Several months later, I bought a new account,  saved the key codes in a bank secured treasure vault and leveled a new druid. With a different name, and a different approach to gaming.

Once I opened the blinds, I figured out pretty quickly that guilds, especially the hierarchic kinds, are not a democracy. That not everyone is entitled to have an opinion. And that it doesn’t matter how much of a stereotype you might be, if you don’t want to dangle at the bottom of the scoreboard, you need to be just a tad smarter than the people you play with.

Diplomacy, the key to all virtual success. I had none at that point but I had learned the hard way that there is no point in playing the game of diplomacy and trying to achieve a certain level of raiding if you are going to get yourself cornered like a rabid dog. Then you might as well play checkers and be a sour loser. Everyone who’s played strategy board games knows that you can never say out loud that you only need the longest trade route to win the game.

Over the years, I learned that opinionated women who speak their mind too passionately incur certain risks that outspoken guys do not. That women with an indiscrete usage of their sexuality as a weapon create a silent threat that is rarely being tolerated and that they will face the consequences of their actions without me needing to go public with their behaviour . That equivalents of online prostitution are frowned upon regardless of me pointing fingers at the sinners or not.  That lootwhores are quickly cast away. That attention seekers only achieve their goals if you give them what they look for: spotlight, and that they are best to be ignored. And finally, that sometimes, it’s better to turn your microphone off and bite off your fingertips to stop yourself from communicating.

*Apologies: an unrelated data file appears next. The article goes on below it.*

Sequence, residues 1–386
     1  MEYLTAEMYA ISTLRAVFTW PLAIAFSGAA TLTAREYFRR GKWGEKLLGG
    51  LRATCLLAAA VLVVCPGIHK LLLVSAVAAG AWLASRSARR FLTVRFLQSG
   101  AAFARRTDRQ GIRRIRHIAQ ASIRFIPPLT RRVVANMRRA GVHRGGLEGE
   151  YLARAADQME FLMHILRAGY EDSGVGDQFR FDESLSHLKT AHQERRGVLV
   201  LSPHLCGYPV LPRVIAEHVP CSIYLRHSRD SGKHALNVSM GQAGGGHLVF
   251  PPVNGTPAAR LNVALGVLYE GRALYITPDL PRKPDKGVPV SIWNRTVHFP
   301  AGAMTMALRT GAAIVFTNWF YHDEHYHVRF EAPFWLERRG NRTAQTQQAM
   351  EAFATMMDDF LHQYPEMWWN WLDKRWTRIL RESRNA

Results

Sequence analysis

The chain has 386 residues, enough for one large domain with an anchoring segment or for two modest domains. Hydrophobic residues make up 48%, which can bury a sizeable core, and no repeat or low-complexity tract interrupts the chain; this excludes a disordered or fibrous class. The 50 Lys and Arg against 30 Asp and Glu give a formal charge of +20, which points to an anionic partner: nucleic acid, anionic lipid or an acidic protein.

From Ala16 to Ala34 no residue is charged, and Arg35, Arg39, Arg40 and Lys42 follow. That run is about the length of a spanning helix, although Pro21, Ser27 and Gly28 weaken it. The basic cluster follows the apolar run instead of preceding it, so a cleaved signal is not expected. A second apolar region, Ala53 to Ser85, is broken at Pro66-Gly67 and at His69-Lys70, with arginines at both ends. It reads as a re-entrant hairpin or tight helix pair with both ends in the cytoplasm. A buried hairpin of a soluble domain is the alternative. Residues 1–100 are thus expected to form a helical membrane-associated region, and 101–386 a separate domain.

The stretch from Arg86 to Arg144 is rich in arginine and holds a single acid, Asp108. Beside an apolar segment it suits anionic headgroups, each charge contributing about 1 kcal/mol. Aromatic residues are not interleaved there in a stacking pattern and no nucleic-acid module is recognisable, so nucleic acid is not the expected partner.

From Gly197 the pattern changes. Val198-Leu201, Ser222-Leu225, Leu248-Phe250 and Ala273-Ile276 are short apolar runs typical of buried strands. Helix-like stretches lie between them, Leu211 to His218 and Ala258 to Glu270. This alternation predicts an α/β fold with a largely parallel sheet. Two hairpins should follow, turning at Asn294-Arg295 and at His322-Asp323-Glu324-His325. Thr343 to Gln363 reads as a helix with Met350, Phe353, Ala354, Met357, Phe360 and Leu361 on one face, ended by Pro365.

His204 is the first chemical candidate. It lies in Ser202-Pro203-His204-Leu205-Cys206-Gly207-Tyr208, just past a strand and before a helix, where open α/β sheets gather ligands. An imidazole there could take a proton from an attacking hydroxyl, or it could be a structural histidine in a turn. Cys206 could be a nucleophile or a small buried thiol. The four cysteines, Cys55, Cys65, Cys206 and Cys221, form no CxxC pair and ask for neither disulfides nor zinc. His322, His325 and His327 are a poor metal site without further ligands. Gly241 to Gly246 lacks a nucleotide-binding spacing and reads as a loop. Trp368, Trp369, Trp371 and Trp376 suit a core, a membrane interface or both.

Yes, I’ve gotten more careful  and my time online became a lot more enjoyable once I got rid of the female archetype I was stuck in. But I’ll gladly admit that I sometimes still miss being able to rage in blind passion, playing advocate of the devil in the name of lady Justitia and knocking some sense into certain people’s ugly pouts. And that I still occasionally struggle to not yell out loud how much I detest girls taking advantage of all those poor gullible male gamers! 😉

About the Author

admin has written 65 articles for Me and My Epic Wood.

5 Responses to "Nostalgia gets her nerd hat on."

  1. Olimpius April 20, 2011 3:33 pm Reply

    now this was interesting to read suma 🙂

    1. Sumanhi April 20, 2011 11:26 pm Reply

      Oh no, did I just blow my angel image 😉 But yeah you’re right Olli, Brabander chick is no match to me ! 😉

      1. Olimpius April 21, 2011 12:43 pm Reply

        Ow suma i wanne see you against here in a battle. And let the best girl win in an amazing chick fight :D. Ofc i’ll cheer for you!

        1. Sumanhi April 21, 2011 6:31 pm Reply

          You’d better 😉 Playing games is one thing, being good at it is something else 😉 Playing in a clan on CS… not much of a sweat really. Competitions in CS Source.. been there done that. Got the T-shirt. She didn’t even know what WoW was, poor little sod lol.

  2. Olimpius April 26, 2011 12:38 pm Reply

    She did know but they asked here about gold sellers and stuff. She didn’t have a big clue about that. Every wow player has had goldsellers bugging them from time to time. How can you be a real mmo gamer when you don’t know the bigest mmo game out there :p. She may be good with a gun in a game but i think it ends there. For the rest she’s just selling and using here looks.

    One other point that she said that she know wow but she can’t be asked to lvl a char to max. Like it takes a few weeks to explore the world get to know your char and lvling it to max while your doing it. Its like i’m too pro to lvl. Thats just sad!.

    Compairing that you you and your rock then suma! 🙂